- Units in a group just move at the same speed. Usually, this sort of organization moves the group at the maximum speed of its slowest unit, but sometimes it's better to let a slow unit move a little faster when it's in a group. Designers generally give units a slow movement speed for a reason, though; altering that speed can often create unbalanced game play by allowing a powerful unit to move around the map too quickly.
- Units in a group move at the same speed and take the same path. This sort of organization prevents half of the group's units from walking one way around the forest while the other half takes a completely different route.
- Units in a group move at the same speed, take the same path, and arrive at the same time. This organization exhibits the most complex behavior that we'll apply to our group definition. In addition to combining the previous two options, it also requires that units farther ahead wait for other units to catch up and possibly allows slower units to get a temporary speed boost in order to catch up.
My approach to flocking
I'll try follow this process in a simple way, except for the Alignment part. In 2d RTS, where units follow 8 directions, it's not necessary to use a direction vector. I will however study how to apply it even tho we'll probably won't end using it.
First, we'll need to select all troops when they receive a certain input. This, like in most, if not all the RTS will be clicking left mouse button and dragging to create a selection rectangle. All the units inside that rectangle will now be tagged as selected.
After that we create a path for those troops when a right click is detected.
Now we calculate 3 different speeds:
- The Path speed
Needed to actually follow the path
- The Separation speed
Wich will make our troops repel between themselves
- The Cohesion Speed
Which is useful to make our troops act more like one entity instead of random bodys colliding with each other.
After that, we'll add all those speeds to the total speed of the entity, and the resulting value will be applied to the unit.
Last but not least, we'll use a preemptive collision(with the environment) system, that will reset the speed value to 0 to avoid colliding with walls.
You don't really have to do anything here, it's just to start putting you in context.
What this code will do is the following:
Every time we press leftclick button, we create a rect. The we check all entities with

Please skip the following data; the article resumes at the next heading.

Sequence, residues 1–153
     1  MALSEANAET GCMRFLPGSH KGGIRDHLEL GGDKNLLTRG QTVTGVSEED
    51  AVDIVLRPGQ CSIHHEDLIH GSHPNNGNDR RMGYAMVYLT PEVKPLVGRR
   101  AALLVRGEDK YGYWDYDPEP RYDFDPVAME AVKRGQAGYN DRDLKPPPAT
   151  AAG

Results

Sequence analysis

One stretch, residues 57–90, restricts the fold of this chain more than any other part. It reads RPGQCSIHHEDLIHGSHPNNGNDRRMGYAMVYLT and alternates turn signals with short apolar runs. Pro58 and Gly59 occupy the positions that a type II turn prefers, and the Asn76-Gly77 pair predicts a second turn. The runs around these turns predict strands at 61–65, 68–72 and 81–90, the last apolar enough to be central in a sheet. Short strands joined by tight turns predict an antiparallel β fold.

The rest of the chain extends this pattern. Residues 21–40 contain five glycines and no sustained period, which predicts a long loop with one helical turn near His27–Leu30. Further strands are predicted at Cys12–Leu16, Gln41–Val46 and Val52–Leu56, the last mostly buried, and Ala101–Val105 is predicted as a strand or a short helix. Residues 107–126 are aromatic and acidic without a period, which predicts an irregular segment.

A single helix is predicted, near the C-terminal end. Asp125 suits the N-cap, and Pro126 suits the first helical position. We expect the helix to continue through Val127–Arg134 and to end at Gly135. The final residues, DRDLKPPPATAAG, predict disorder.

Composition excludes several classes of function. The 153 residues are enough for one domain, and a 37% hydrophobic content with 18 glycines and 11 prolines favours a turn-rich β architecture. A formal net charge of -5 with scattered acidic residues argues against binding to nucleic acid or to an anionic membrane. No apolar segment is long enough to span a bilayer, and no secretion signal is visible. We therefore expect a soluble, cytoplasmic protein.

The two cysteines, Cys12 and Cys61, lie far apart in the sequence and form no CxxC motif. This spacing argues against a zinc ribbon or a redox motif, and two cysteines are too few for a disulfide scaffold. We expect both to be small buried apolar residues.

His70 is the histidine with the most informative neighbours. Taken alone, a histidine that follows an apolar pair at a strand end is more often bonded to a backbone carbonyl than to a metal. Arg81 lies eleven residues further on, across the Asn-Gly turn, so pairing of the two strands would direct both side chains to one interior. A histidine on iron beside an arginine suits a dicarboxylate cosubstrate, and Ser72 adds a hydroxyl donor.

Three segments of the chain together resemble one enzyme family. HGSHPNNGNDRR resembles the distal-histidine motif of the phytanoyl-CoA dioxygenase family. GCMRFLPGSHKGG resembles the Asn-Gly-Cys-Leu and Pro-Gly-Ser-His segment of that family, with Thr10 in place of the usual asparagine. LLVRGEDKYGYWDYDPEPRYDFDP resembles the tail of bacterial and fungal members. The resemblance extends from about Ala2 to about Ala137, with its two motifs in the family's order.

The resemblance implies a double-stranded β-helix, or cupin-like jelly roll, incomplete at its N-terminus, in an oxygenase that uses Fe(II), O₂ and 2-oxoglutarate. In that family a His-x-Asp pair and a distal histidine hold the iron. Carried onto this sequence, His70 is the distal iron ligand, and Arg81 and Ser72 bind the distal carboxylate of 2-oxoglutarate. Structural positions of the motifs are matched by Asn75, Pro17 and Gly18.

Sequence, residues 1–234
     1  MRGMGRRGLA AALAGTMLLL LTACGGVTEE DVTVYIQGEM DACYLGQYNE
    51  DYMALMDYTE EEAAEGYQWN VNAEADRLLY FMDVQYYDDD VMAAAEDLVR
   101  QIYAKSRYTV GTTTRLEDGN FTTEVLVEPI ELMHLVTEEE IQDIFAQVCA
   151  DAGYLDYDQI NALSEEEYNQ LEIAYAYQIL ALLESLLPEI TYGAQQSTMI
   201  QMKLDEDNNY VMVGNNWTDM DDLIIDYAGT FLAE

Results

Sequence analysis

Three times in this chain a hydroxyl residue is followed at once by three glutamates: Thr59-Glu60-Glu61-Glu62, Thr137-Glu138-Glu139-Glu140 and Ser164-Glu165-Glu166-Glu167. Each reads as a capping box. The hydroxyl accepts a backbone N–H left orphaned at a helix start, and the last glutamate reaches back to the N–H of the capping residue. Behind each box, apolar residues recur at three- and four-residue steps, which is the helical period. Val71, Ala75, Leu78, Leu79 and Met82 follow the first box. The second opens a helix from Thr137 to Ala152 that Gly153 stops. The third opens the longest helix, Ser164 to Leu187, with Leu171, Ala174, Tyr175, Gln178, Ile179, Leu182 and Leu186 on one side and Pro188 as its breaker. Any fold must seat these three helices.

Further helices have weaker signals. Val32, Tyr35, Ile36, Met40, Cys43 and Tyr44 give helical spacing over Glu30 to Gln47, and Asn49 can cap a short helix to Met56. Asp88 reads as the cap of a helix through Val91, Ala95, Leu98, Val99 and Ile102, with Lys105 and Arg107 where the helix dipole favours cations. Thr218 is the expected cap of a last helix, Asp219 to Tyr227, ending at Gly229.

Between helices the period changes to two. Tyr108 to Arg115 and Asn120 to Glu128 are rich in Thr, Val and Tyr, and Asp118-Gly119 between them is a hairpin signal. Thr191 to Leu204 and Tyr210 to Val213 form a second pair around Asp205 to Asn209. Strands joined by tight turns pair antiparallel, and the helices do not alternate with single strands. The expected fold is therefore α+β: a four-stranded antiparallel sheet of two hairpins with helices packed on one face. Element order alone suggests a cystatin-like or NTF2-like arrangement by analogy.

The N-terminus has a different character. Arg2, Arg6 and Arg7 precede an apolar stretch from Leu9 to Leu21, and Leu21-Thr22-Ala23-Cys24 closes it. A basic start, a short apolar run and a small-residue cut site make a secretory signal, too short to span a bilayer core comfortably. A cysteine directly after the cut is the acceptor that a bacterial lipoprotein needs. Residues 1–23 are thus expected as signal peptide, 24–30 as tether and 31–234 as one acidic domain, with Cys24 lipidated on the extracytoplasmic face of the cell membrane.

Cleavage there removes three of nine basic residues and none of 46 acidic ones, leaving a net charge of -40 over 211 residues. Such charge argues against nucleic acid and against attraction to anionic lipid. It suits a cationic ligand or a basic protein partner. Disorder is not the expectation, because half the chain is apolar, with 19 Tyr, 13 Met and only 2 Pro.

selectable bool activated. If selectable entity is inside the rectangle, we turn their isSelected bool to true.
Here we'll check if this entity is selected, if true, it will create a path to the mouse position
In order to follow that path, we need to store it in this entity dynamic array: path
First, order the pathfinding module to create a path with origin(unit position) and destination (mouse position) with CreatePath(origin, destination).
Now it's time to save it, luckily for you i already created a method in pathfinding module that can do the trick, so you just need to call it by it's name, SavePath(path);
Now we'll start calculating speeds. Let's begin with pathfinding speed.
The process it's almost finished, it will look for the next tile in the path, to find it's coordinates.
Simply try to calculate if the speed in each axis needs to be positive or negative, depending on the coordinates fo the next tile. Don't give it a value too far from 1 and -1, and store it in an fpoint;
Then go to the second mark, where you'll need add the pathspeed we just calculated to the total speed. This speed will later be added to the unit position.
You can multiply the pathspeed and every other speed we add here by a constant, to obtain different results and behaviours.
Before we calculate the other speeds, we need to store this entity neighbours in two lists:
Close neighbours (those which are near this entity), and colliding neighbours (those which are in contact with this entity)
To do that, we'll use three different radius for our entity; vision, body and collrange.